Our world is changing rapidly and the rate of change is in direct relationship to the rate of global warming, adoption of technology, the Internet, and Web 2.0.
Everything with a ‘C’, we call it global Cs, is changing our world and affecting the way we build and manage brands…
- Corporate Citizenship
Over the last 30 years, we approached global marketing in a single-dimensional mode of the “global standardization” where the focus was on global brand homogeneity. More recently, the marketers recognized the regional/local aspect of the global markets and embraced the second dimension of “Think globally, act locally” mode where the center creates the strategy and the regions are responsible for merely executing the direction they receive from the center.
But there is the third dimension of “collaborative personalization” where the six Cs are shaping it and the three forces─ globalization, localization, and collaborative personalization─ are increasing simultaneously. The world is more connected, and the Cs are becoming more relevant beyond the regional differences, and the personalized experience cannot be ignored.
The future of your brand doesn’t lie in predicting it. It lies in shaping and changing it. Trends and forecasting are essentially irrelevant… what’s relevant is the vision, envision, and revision. The future is what we make it, not what someone says it is.
Globalization means coherence, reliability, and certainty while addressing universal truths such as hunger, family, status, performance, and acceptance. Localization means regional relevance to help brands respect variances in climate, geography, communities, and neighborhoods. Collaborative personalization defines each of us as an individual, defining who we are, what we want, and differentiating us from others.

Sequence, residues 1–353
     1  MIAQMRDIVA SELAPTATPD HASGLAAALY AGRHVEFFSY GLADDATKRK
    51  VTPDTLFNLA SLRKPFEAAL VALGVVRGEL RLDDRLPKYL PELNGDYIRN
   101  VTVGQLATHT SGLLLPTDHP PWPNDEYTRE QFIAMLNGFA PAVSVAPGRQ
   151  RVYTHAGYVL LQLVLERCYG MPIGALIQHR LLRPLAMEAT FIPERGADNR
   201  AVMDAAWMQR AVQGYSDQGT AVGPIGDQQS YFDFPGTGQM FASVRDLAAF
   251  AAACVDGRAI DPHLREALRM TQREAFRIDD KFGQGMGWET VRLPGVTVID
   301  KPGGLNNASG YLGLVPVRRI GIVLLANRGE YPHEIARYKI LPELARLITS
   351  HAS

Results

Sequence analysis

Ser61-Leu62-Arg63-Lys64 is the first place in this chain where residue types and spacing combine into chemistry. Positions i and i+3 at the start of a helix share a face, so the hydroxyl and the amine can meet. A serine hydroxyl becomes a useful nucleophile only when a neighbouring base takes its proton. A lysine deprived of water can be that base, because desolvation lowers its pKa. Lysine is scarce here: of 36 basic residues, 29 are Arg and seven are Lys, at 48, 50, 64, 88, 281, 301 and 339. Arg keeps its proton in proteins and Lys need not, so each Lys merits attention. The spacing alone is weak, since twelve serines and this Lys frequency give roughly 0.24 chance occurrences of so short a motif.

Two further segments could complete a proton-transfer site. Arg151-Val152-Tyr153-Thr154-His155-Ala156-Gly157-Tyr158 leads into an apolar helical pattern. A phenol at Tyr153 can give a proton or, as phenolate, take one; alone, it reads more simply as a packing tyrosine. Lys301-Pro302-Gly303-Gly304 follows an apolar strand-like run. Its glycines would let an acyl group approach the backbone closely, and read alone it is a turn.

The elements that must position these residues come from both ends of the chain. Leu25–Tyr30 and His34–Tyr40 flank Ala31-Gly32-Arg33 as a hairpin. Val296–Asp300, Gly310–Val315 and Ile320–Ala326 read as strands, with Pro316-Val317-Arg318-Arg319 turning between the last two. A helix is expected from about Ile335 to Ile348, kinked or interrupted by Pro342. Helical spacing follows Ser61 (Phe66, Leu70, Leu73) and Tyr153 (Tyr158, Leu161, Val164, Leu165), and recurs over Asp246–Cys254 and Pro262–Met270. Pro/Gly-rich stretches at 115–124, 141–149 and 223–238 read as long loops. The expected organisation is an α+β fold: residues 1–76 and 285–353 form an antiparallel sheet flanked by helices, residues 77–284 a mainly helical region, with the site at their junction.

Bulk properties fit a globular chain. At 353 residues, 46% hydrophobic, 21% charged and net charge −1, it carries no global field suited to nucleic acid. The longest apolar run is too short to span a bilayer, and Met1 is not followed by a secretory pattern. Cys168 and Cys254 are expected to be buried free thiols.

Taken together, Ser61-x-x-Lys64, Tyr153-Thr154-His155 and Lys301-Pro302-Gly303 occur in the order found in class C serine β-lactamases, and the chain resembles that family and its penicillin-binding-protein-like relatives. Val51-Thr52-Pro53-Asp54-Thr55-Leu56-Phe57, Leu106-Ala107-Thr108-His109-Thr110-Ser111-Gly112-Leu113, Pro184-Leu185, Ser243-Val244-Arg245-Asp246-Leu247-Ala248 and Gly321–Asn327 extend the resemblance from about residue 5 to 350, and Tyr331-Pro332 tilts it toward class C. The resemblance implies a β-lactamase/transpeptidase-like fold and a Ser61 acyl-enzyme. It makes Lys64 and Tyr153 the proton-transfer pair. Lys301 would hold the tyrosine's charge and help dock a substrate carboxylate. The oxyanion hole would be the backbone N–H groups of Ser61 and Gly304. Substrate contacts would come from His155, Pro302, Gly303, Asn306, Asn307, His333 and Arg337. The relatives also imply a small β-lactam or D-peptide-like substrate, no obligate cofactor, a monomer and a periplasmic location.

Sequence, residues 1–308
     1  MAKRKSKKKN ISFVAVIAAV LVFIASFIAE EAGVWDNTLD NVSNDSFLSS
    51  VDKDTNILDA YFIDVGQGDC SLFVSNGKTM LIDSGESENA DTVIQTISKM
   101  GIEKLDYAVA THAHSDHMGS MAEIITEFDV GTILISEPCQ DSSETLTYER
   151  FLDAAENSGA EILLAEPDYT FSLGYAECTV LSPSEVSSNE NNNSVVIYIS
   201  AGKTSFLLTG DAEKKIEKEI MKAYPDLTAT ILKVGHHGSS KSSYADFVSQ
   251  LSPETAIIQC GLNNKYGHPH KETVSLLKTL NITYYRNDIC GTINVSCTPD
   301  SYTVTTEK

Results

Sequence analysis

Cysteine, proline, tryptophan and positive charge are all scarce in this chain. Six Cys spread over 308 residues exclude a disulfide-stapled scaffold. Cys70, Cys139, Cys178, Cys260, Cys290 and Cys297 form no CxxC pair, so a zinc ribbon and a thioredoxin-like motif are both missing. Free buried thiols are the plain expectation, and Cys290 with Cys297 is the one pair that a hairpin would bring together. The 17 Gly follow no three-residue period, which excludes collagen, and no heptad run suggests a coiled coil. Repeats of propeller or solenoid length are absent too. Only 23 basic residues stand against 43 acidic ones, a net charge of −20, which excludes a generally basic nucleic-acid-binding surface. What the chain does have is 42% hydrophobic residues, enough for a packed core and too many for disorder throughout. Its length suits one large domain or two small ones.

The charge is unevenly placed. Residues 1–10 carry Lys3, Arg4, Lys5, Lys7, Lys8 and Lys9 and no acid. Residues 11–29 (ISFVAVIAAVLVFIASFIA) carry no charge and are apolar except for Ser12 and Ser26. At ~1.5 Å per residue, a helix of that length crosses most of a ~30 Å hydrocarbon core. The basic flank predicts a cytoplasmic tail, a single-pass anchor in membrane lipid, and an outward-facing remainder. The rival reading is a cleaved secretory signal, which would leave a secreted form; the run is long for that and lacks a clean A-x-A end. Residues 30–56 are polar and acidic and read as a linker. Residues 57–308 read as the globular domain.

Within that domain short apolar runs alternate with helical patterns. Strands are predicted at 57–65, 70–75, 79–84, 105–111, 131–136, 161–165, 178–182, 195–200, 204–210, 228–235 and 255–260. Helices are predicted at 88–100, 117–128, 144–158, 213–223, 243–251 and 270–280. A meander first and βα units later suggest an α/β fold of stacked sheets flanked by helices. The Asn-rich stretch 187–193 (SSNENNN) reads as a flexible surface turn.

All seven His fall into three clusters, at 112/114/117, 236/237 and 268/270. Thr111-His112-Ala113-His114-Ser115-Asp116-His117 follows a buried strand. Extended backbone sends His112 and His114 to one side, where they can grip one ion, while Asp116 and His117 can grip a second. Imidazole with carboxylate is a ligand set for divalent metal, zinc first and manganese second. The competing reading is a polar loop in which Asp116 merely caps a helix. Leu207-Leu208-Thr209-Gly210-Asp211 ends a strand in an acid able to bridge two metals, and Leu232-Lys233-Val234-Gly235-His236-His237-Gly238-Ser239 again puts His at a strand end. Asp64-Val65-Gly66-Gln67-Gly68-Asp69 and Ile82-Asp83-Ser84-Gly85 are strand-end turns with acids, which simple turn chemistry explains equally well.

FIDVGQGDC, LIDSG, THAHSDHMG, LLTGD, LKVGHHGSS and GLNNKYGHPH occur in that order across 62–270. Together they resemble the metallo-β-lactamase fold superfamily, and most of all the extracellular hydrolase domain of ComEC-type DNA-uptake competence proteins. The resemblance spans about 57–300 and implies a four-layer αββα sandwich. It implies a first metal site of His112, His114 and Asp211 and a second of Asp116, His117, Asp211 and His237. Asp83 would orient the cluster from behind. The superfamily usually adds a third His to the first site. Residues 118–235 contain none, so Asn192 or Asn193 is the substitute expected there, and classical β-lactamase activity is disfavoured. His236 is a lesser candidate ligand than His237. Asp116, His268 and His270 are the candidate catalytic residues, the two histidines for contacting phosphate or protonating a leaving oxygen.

How do we build strong brands in such a changing world and sustain our business?
What’s needed is an evolution in global marketing from the global standardization approach (one-dimensional model) to the “Think globally, act locally” mantra (two-dimensional model) to a new approach─ one we’re calling the Collaborative Personalization (three-dimensional model) were the six “Cs” are addressed and embraced.
Globalization: Global Standardization
In 1983, Theodore Levitt, a professor at the Harvard Business School credited with coining the term globalization, recommended a globally standardized approach. Modern-day marketers call this a one-box model, forcing the whole world into the same marketing box. The one-box model asserts that a global brand should be the same everywhere regardless of culture, language, customs, and values. This creates globally centralized, standardized, homogenized marketing.
However, with all the fragmentation, segmentation, and fractionalization already happening today, homogenization is hazardous for brand health and endangers future business sustainability.
Localization: Think Globally, Act Locally
The two-box model is commonly referred to as “Think globally, act locally.” Marketing strategies and ideas are globally generated, but the regions now have the opportunity to implement these ideas in locally relevant ways.
Unfortunately, this devolved into just another way for the center to be in control. It is a handoff model: from the central brains to the regional brawn, global thinking with regional tinkering. And the regions do not have to accept accountability, as they did not develop the ideas. Further, it creates a serious tension between the strategists at the center and the implementers in the local geographies.
There is a need for collaboration rather than confrontation. The Collaborative three-box model is one with shared responsibility. The three boxes allocate responsibilities properly for the central global teams and the local/regional teams. Above all, the process requires collaboration across geographies and functional silos.
Dimension Box 1: Define the brand’s global mission